If the partnership owns the policy, and the policy does not pay unless and until you are deceased, then the benefit is an unvested future interest, subject to change by the policy owner (the partnership). Given that circumstance, if you cash out the policy to recover its value prior to dissolution, then there is no policy benefit to distribute to the other partner. The only value to distribute would be the contributed value of the policy, all of which, if it was contributed by you, would be returnable to you as part of your partnership contribution.

In short, the answer, in my opinion, is that you have no obligation to pay the partner anything, unless there is a separate agreement from the policy itself, which requires you to pay.

Hope this helps.
Customer: replied 1 year ago.

Socrateaser, Thank you very moch. I will use this info to help solve this issue. I may have further questions as I find any new information. I know this will be a new quertion with another charge which I will be glad to pay. Thanks again, Hari xxxx

Expert:  socrateaser replied 1 year ago.
You're welcome and good luck.
Customer: replied 1 year ago.

Hello Socrateaser, After further study here is what I have,. The partnership that was set up to take advantage of the "chairtable split dollar" (csd) method was set up so we are the General Partners and the charitys are limited partners. Future Life insurance benifits and a % of "value " of the General partners assets we "gifted" to the charitys to set up the csd. In the agreement ther is a provision for limited partners to request a buy out. The partnership is not dissolving as I first thought. The charity that is requesting the buy out is doing so because of the IRS desision to rule the csd method unacceptable and they don't want their non profit charity to be exposed to posible scrutiny by the IRS. Do I have a case that says because the only reason the partnership was set up in the first place was to take advantage of the csd and the IRS ruling caused the partner to want a buy out , I don't have to pay since it was non of my doing and the ruling by the IRS was 5 years ago. Thanks again and I won't be able to check your answer til tomorrow eve, Hari Bhajan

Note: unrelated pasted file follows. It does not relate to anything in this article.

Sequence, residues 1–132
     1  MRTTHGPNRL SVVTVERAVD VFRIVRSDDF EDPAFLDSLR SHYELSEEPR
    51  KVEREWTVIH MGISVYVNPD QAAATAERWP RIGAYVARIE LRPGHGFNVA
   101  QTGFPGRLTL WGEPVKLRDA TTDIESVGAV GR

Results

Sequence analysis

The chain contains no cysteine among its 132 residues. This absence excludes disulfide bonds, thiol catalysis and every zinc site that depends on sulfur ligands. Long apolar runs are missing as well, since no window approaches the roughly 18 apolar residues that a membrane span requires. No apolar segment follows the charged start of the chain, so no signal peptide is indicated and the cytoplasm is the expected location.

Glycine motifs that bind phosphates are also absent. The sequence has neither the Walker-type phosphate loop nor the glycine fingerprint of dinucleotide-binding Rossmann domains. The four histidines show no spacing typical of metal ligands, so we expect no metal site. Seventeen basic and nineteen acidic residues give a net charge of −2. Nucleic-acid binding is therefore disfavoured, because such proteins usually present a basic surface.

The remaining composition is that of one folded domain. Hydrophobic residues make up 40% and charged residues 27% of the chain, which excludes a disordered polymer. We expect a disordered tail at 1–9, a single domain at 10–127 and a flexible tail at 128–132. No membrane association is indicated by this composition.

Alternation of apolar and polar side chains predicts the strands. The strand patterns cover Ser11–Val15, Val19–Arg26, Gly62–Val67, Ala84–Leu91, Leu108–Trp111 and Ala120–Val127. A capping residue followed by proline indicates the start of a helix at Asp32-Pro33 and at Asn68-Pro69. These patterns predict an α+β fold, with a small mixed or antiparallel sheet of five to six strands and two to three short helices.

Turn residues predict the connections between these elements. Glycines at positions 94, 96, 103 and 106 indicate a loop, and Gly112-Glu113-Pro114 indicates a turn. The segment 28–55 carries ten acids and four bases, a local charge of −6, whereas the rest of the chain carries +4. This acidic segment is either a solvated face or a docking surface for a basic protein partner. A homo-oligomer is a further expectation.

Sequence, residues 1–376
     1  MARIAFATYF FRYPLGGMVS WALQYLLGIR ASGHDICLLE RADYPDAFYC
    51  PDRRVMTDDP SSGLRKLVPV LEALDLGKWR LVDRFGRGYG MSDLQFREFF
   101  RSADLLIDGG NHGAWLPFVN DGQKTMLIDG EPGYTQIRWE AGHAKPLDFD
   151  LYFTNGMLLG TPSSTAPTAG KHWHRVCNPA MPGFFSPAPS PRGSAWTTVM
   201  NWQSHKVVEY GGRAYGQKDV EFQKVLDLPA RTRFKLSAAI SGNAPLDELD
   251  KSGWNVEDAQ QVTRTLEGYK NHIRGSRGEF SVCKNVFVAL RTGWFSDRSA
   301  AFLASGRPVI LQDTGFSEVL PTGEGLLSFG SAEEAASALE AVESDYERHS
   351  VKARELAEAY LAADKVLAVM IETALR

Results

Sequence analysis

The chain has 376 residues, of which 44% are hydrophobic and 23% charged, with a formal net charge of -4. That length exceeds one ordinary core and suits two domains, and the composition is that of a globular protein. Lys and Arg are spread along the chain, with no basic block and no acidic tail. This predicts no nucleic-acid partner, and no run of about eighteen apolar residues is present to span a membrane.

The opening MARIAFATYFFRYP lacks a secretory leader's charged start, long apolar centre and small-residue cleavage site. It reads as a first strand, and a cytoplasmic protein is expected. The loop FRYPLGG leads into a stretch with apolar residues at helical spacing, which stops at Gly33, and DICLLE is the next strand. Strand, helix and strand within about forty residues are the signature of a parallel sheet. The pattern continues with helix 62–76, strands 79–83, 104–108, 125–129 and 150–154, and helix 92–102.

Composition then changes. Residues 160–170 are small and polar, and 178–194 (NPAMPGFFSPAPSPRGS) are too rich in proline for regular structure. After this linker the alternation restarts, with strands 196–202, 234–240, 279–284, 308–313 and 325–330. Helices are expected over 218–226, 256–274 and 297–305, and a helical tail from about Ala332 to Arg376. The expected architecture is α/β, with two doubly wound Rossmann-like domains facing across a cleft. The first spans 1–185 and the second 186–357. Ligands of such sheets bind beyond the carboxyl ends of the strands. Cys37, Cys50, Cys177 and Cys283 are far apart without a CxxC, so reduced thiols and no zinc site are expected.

Customer: replied 1 year ago.

Hello Socrateaser, After further study here is what I have,. The partnership that was set up to take advantage of the "chairtable split dollar" (csd) method was set up so we are the General Partners and the charitys are limited partners. Future Life insurance benifits and a % of "value " of the General partners assets we "gifted" to the charitys to set up the csd. In the agreement ther is a provision for limited partners to request a buy out. The partnership is not dissolving as I first thought. The charity that is requesting the buy out is doing so because of the IRS desision to rule the csd method unacceptable and they don't want their non profit charity to be exposed to posible scrutiny by the IRS. Do I have a case that says because the only reason the partnership was set up in the first place was to take advantage of the csd and the IRS ruling caused the partner to want a buy out , I don't have to pay since it was non of my doing and the ruling by the IRS was 5 years ago. Thanks again and I won't be able to check your answer til tomorrow eve, Hari Bhajan PS I know this is a new question and will be happy to compensate TXX

Expert:  socrateaser replied 1 year ago.
Well...lemme see here....

A valid express trust must have all of the following elements:

1. A grantor/settlor
2. A trustee
3. Trust property
4. A beneficiary